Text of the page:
During the weeks after the COVID-19 pandemic began, health care aide Patricia Ogilvie saw first-hand the toll social isolation was taking on residents of St. Joseph’s Home. Many had not seen family or friends in over a month, and group recreational activities had been cancelled in an effort to limit any potential spread of the virus.
Patricia knew something had to be done to help residents feel connected and supported. She approached her team with the idea of organizing a drive-by so residents could see their friends and family, even if it had to be from metres away.
“Every day, we go into their rooms, and they want to know when they can see their families again,” Patricia says.
Families loved the idea of the parade, some driving hours to the Medicine Hat facility to make it happen. Around 50 vehicles containing residents’ friends and family, and even members of the community, drove by the home to share their love and support with residents. Some people decorated their vehicles with balloons and held kind messages out their windows. Many stopped to call out to their loved ones.
“The residents were so happy, and there were many tears shed by staff, residents and families,” Patricia recalls. “Their mental health is so important, and we love these people. We’re the only family who get to see them right now.”
Patricia says that while she had the initial idea, it was such a success thanks to the outpouring of support she received from staff across St. Joseph’s Home. Staff quickly called residents’ family members to share their plan and even arranged to have the road blocked off during the parade so cars could stop to greet residents. And on the day of the parade, staff worked diligently to help the residents get ready and go outside, using markers to ensure residents were two metres apart.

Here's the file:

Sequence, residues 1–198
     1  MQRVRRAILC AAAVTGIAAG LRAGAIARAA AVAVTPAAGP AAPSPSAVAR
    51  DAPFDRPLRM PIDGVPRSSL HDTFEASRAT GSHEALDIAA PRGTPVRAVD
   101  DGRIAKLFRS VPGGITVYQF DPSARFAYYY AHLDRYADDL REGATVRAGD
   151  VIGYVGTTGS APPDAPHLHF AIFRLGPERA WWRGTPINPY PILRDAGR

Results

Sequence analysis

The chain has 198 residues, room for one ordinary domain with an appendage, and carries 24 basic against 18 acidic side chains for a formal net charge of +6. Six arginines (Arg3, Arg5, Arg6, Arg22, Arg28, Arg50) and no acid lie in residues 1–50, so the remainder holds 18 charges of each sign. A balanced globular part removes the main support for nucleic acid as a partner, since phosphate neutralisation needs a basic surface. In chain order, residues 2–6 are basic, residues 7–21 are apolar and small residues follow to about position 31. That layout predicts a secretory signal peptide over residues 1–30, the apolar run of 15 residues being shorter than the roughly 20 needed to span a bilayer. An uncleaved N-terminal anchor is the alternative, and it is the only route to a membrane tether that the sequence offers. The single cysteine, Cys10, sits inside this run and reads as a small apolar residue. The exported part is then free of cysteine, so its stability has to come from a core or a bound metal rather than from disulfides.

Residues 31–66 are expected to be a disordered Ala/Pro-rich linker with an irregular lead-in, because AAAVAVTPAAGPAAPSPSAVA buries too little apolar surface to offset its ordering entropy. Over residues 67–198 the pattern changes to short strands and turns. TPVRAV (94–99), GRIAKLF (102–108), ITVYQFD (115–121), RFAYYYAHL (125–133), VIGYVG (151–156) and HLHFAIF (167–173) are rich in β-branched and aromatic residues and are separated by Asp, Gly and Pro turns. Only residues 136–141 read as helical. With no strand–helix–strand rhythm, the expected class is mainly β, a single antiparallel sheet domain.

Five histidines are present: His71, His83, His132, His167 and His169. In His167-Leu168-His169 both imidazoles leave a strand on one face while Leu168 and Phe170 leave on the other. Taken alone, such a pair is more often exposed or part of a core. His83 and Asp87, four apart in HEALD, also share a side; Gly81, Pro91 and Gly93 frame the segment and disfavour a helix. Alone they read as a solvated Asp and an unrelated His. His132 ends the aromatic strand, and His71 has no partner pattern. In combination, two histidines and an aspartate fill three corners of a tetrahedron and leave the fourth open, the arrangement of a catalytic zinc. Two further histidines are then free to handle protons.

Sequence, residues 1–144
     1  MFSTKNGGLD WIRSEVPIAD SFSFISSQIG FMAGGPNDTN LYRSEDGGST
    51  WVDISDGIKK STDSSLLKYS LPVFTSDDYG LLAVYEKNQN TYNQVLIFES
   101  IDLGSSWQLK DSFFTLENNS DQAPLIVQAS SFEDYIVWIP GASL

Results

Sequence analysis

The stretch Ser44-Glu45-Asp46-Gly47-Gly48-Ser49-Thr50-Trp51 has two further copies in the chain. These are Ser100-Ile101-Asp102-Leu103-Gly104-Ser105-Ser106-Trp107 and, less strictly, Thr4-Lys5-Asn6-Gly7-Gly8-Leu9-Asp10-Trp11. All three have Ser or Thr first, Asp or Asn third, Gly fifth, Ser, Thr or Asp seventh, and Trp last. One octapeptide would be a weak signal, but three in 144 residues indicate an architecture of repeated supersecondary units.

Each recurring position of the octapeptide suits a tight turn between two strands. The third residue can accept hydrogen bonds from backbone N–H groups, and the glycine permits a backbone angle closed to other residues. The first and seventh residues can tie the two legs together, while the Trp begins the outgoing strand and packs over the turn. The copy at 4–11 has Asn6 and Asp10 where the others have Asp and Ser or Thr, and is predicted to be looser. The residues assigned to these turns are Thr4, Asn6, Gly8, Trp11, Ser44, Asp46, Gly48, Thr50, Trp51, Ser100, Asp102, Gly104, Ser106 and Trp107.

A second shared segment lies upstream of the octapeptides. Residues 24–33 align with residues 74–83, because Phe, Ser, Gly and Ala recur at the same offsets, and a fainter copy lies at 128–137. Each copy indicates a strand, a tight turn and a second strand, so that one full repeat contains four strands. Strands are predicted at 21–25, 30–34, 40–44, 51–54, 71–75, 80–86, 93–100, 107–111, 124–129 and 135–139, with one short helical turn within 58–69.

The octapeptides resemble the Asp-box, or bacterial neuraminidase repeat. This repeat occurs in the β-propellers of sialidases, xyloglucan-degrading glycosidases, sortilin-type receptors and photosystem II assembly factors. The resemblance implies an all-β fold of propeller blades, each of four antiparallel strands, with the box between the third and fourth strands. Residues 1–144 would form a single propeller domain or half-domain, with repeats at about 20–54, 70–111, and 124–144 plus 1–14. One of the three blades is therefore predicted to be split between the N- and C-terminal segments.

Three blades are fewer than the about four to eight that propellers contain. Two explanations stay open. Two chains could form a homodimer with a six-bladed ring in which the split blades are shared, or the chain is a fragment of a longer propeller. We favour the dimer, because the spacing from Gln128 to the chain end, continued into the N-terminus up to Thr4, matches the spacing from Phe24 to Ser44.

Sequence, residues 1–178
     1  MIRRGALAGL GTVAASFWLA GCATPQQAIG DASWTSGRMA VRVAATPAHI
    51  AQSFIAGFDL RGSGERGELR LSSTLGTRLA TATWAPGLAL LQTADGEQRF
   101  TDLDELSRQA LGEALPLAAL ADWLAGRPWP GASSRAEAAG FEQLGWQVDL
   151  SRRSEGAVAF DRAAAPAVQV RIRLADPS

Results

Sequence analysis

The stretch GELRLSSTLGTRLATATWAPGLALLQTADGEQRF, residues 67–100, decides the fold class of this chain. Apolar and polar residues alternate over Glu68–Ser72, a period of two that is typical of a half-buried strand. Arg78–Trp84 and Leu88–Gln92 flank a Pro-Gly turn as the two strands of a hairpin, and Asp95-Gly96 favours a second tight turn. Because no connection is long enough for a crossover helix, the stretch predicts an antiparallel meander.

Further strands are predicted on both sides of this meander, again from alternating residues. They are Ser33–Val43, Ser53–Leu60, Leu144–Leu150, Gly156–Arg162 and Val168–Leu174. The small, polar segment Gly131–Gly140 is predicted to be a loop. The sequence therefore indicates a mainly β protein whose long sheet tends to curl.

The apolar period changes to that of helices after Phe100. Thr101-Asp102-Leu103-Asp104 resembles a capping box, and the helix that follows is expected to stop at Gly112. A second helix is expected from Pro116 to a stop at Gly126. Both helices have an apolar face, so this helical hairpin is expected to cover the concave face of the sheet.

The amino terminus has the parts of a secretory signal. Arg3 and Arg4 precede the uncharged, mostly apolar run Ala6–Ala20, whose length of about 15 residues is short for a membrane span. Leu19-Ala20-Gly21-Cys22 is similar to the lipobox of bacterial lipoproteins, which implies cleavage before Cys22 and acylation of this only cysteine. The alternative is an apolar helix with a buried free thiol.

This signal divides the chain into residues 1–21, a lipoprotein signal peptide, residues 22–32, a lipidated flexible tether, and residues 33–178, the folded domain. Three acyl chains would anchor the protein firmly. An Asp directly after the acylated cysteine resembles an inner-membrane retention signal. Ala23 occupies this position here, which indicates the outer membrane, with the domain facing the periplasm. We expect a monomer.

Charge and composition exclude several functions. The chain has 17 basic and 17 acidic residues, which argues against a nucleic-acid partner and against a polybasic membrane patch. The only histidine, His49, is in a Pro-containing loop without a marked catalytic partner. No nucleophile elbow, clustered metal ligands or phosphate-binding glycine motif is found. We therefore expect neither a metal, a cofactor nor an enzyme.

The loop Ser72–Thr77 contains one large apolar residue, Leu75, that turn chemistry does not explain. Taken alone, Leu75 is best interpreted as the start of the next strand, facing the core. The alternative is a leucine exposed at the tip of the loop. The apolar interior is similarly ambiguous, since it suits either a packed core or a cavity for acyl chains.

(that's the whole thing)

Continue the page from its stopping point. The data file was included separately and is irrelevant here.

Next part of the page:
“I think it really speaks to our mission of compassion,” she says. “We’re a family at St. Joe’s, and everyone was there to help. No matter what, we always come together.”
For resident Elfie Schau, the parade was just the pick-me-up she needed. Her husband of 58 years lives in the community with their dog, Camilla, and Elfie hadn’t seen them in six weeks. Being able to see them, even if not up close, was a joy for her. She’s been at St. Joseph’s Home for a few months and says the kindness that staff show residents is one of the reasons it’s such a good place to be.
“It was wonderful and so much fun, and the weather was ideal,” Elfie says. “I got to see my husband and my little schnauzer. I couldn’t hug them like I wanted to, but we promised each other we’d make the best of it.”
Patricia says the many smiles and tears of joy at the parade that day instantly lifted the mood of staff, residents and community members alike.
“It was the booster that everybody needed, and the residents looked so relaxed after,” she says.